The penitential act is designed to get the congregation at Mass ready, to get the assembly in the right state of mind to give thanks in the Eucharistic Prayer for the saving deed of Christ that is re-presented in the symbols of bread and wine. It sets the stage, it pre-disposes the mind to be open to the grace of the Mass that results in a sign of reconciliation and communion with Christ in receiving communion. But it is not absolution.

            Think of how a movie or a story begins. The back story, the situation is laid out in the first few minutes or pages of the novel. Why the reason the events of this story will unfold is established. Who are the characters involved? The penitential act sets the stage so the story of the relationship of God and his people, Christ and his bride, can be told and make sense.

            The characters in the story of the Mass are God who desires to repair the relationship he has with his creation. Humanity is his creation and men and women have alienated themselves from his life and love. God sends a savior to save his creatures from death which is everlasting separation from him. We need to get the dynamics of the situation in right order…God is God and we are the creatures who need him to live…then we are ready to hear the story of how God acts on our behalf in scripture and re-presentation of the crucifixion of Jesus which leads to our giving thanks and receiving  the sign in the symbols of Bread now his body and blood now his blood that we are forgiven, that our alienation from eternal life is reconciled. We are one with each other in communion and one with God, forgiven, reconciled.

            The whole of the Eucharist is about celebrating the reconciliation of the Church with God and how we individually benefit, but not absolution for serious (mortal) sin… If you’ve seriously, mortally sinned…another remedy is needed before approaching the altar to receive communion or the person risks making a lie of the act of receiving communion. Maybe even a farce. That remedy is the Sacrament of Reconciliation that specifically restores the relationship that was abandoned by choice of the sinner, a member of the Body of Christ. In such a case the Sacrament of Reconciliation is needed to be assured that we are reconciled before celebrating the symbol of our being a member of the spouse of Christ.

            Please realize you don’t have to go to confession before every Mass or reception of Communion. What I am describing is only if  mortal sin, grievous separation from God, a destruction of the relationship (a sort of divorce) has taken place. The Eucharist is the way we realize that our minor, venial sins haven’t destroyed the relationship with God. Jesus uses the Eucharist as a way to remind us we are loved even in our imperfections, our humanness. Eucharist is the food that keeps us from going too far away from him and giving up on the relationship.

            The Penitential Act isn’t absolution, but it’s our communal preparation to be in the right mind to celebrate the Eucharist that reveals God’s forgiveness.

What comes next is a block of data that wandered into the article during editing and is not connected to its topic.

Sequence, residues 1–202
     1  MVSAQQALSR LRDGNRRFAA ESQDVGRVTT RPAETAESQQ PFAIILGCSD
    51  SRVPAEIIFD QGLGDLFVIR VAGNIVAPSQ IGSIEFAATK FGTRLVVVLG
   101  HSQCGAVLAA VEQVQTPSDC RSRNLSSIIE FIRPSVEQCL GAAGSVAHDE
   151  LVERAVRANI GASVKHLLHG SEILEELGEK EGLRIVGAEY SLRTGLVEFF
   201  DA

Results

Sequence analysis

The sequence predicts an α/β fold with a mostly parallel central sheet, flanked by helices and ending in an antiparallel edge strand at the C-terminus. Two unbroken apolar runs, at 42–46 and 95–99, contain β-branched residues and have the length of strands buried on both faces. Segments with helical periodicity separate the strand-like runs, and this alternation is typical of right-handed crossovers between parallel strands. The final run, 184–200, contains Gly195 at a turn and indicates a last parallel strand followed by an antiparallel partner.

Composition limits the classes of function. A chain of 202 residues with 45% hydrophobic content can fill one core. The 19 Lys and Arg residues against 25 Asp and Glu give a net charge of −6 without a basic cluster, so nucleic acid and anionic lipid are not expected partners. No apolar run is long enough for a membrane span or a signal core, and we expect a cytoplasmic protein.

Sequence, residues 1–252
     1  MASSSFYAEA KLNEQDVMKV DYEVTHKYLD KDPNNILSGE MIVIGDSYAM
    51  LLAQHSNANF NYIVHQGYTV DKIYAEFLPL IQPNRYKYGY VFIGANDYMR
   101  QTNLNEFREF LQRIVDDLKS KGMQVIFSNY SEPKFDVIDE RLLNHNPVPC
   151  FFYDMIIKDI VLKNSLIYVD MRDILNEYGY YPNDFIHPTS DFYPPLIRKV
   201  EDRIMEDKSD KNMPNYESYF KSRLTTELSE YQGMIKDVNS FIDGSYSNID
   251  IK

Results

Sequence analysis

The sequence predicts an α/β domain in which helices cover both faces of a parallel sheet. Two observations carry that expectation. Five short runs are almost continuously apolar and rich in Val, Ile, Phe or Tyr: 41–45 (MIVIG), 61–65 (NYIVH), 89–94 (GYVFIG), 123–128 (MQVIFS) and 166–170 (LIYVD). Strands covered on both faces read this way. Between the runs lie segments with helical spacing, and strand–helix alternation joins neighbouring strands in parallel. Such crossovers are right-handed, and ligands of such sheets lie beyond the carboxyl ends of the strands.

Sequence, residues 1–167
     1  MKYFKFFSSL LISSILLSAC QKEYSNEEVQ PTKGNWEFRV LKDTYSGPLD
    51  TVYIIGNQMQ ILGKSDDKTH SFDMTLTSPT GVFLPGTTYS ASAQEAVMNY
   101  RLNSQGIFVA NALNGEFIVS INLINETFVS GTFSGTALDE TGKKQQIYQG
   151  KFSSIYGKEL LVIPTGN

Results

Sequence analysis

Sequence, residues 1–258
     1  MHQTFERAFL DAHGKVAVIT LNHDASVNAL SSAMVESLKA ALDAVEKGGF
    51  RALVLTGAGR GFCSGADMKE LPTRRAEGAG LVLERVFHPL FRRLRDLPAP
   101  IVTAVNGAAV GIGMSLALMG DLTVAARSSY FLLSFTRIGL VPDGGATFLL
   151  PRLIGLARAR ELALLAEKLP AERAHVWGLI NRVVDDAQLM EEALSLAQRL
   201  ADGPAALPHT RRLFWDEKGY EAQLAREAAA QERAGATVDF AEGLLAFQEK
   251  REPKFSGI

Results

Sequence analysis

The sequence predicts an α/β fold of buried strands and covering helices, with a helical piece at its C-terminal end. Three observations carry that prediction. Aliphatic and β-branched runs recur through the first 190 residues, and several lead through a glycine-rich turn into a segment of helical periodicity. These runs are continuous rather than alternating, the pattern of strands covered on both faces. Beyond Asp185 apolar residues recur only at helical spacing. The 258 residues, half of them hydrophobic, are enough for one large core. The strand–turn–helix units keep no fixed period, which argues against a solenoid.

Well, wouldn’t General Absolution be a good thing for the church to embrace? (By the way, communal celebrations of the Sacrament of Reconciliation, or penance services like we do during Lent and Advent in parish do not give general absolution – the communal liturgy prepares people to celebrate private absolution and to highlight how sin is never a private matter requiring reconciliation with the family of faith). General absolution is reserved for extraordinary circumstances in church teaching. For instance there are way too many people to absolve everyone privately in a reasonable time, or in cases of  emergencies. And, for the record, if someone has committed  mortal sin, he or she must still confess the mortal sin the next opportunity they have for private confession. I guess there is a hesitation “in the church” approving wide-spread use of general absolution for the fear that the faithful will miss out on the benefits of private confession. Every sacrament has a moment of private encounter with the minister of the sacrament. 
Baptism – water is poured on or the person is immersed by the minister, individually.
Confirmation – there is an individual anointing by the minister of person being given the gift of the Holy Spirit
 Eucharist – each person is individually presented the Body and Blood of Christ and asked to affirm their belief. 
Anointing of sick – there is an individual anointing and laying on of hands upon the sick person.
Holy Orders – there is an individual laying on of hands on the man to be ordained.
Marriage – two individuals speak directly to each other and exchange rings.
Reconciliation in the normal form – there is an individual “laying on of hands” and absolution.

That individual encounter is missing in general absolution and “cheats,” so to speak, the recipient of that personal encounter with Christ who is present in the Sacramental action.

Do not be afraid of confessing to a priest. He’s like you and not there to judge.
Do not deprive yourself of the individual intimate encounter with Christ who loves  you like a spouse. That would be like never having someone who loves you show that love in a hug, a kiss, or the intimate embrace of lovers.

Rededicate yourself to the life of being a member of the Body of Christ and hear that you are forgiven by your brothers and sisters, too, so that together we can be a sign of his love in the world.

About frjcrascher

Pastor of St. Mary Catholic Church in Trenton, IL View all posts by frjcrascher